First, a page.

Tune Bow Before Practice
Before you begin a serious practice routine, it is wise to make sure your bow is tuned and properly set up for the arrows you are shooting. If you skip this step, there is a better than good chance that your broadhead-tipped arrows will not impact the same as your field tips. If your bow isn’t properly tuned or if your arrows are under- or over-spined for your setup, the result is an arrow coming off the rest at an odd angle.
When you are shooting field points, your fletching will eventually stabilize the arrow in flight. However, with broadheads, wind drag on the blades on the front of the arrow will fight against the fletching on the back to cause erratic flight, resulting in different points of impact. Erratic flight can be minimized by shooting mechanical broadheads, but a wobbling arrow shaft will substantially reduce penetration because it wastes and disperses kinetic energy upon impact.
Be sure your cams are synchronized if you’re shooting a two-cam bow. You can check this yourself while the bow is relaxed by looking to see if both cams are resting at the same angle in relation to the limbs. Often all you have to do is look straight across the limbs and find a point of reference where the limb intersects the cam. Repeat this procedure on the opposite cam looking at the same point of reference. If your points of reference do not have an identical relationship to the limbs, your cams are not synchronized and perfect arrow flight can’t be achieved. If you don’t know how to adjust the timing of your cams, go to your local archery shop. They will be glad to assist.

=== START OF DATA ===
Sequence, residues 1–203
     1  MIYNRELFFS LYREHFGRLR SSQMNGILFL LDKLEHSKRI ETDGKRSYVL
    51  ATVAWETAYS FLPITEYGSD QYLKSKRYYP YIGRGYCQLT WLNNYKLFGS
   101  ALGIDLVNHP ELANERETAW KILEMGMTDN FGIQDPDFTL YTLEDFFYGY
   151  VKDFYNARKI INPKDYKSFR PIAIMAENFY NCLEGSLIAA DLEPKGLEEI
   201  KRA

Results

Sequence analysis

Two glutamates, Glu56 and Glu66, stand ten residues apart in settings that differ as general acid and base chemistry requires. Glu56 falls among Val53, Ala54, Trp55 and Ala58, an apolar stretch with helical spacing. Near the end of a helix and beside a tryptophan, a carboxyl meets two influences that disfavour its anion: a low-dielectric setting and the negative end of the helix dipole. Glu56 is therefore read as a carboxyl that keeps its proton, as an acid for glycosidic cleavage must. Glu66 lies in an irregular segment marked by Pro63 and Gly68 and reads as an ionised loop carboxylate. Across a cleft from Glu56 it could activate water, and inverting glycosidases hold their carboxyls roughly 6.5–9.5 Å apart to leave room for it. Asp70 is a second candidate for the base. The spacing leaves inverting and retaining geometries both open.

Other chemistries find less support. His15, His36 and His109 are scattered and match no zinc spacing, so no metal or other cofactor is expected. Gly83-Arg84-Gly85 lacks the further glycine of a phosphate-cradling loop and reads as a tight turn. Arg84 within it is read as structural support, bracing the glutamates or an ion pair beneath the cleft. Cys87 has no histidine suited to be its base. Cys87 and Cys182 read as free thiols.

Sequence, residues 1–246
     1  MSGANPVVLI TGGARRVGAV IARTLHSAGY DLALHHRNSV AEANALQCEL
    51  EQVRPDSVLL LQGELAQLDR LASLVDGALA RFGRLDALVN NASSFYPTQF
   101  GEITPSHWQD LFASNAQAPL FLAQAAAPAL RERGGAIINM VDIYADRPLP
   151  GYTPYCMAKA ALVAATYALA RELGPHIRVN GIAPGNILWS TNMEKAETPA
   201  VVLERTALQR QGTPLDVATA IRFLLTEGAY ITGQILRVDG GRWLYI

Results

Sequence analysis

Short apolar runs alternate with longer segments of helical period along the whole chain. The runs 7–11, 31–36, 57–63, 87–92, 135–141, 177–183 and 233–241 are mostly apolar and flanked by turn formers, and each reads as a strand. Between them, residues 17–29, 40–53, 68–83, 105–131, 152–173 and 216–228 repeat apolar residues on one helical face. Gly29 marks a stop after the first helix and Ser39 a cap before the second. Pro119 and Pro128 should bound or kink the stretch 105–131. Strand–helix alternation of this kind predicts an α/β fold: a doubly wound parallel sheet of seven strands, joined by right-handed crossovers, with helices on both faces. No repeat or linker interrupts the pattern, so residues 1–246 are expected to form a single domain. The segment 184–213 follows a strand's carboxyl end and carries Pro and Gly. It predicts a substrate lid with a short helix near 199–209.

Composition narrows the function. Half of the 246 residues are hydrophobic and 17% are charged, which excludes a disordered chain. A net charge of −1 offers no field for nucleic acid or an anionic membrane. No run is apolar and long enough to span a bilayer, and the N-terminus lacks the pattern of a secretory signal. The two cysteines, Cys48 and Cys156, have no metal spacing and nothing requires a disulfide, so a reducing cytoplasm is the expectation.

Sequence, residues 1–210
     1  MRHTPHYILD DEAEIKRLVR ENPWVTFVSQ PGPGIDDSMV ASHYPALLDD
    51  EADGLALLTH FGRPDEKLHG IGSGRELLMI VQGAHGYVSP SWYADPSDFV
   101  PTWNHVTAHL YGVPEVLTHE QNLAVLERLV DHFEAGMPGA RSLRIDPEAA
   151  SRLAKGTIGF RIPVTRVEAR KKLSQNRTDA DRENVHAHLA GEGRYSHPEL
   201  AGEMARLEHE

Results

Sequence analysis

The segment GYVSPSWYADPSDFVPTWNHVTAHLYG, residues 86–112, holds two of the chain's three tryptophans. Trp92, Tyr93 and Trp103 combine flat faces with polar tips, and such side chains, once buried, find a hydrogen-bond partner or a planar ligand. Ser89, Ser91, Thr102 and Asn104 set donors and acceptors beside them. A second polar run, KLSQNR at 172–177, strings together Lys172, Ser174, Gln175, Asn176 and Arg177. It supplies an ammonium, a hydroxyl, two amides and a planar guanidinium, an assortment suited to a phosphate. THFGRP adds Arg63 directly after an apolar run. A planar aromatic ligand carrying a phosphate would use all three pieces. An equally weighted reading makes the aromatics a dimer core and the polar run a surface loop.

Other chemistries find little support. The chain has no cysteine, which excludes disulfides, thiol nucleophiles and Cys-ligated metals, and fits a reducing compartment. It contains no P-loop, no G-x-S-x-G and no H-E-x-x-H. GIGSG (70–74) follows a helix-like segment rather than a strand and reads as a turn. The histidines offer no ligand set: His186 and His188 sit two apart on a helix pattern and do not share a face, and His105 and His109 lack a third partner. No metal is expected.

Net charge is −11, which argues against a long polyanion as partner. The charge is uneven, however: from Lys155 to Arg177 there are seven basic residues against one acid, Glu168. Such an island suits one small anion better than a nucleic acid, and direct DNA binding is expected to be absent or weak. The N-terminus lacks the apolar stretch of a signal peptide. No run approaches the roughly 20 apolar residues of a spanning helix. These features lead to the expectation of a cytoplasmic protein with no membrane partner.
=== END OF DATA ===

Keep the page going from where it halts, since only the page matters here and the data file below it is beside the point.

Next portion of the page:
Practice In Your Hunting Clothes
When getting ready for hunting season, it’s always a good idea to practice shooting in your hunting clothes and from elevated positions. Your hunting clothes may be bulkier than what you would normally wear during late-summer practice sessions. Giving them a test drive will forewarn you of any potential shooting hazards.
When I was a beginning bowhunter, many of my mentors told me that shooting from an elevated position would change my point of impact. Through my own personal experience, I have found that it is not the elevated position itself that causes you to miss your bulls-eye. The miss occurs because most shooters disrupt their normal shooting form when taking shots from above. When you are standing on level ground and shooting with proper form, take note that your bow arm is held at 90 degrees, or perpendicular to both your upper torso and the riser of your bow. Next time you are shooting from a treestand, double check to ensure your bow arm maintains that same relationship with your torso and riser. To accomplish this proper relationship, you have to bend at the waist—not just a little bit, but far enough that your bow arm stays at 90 degrees from your torso and riser while your sight pin is on your target. You’ll find your arrows will hit their mark just like when you are on the ground.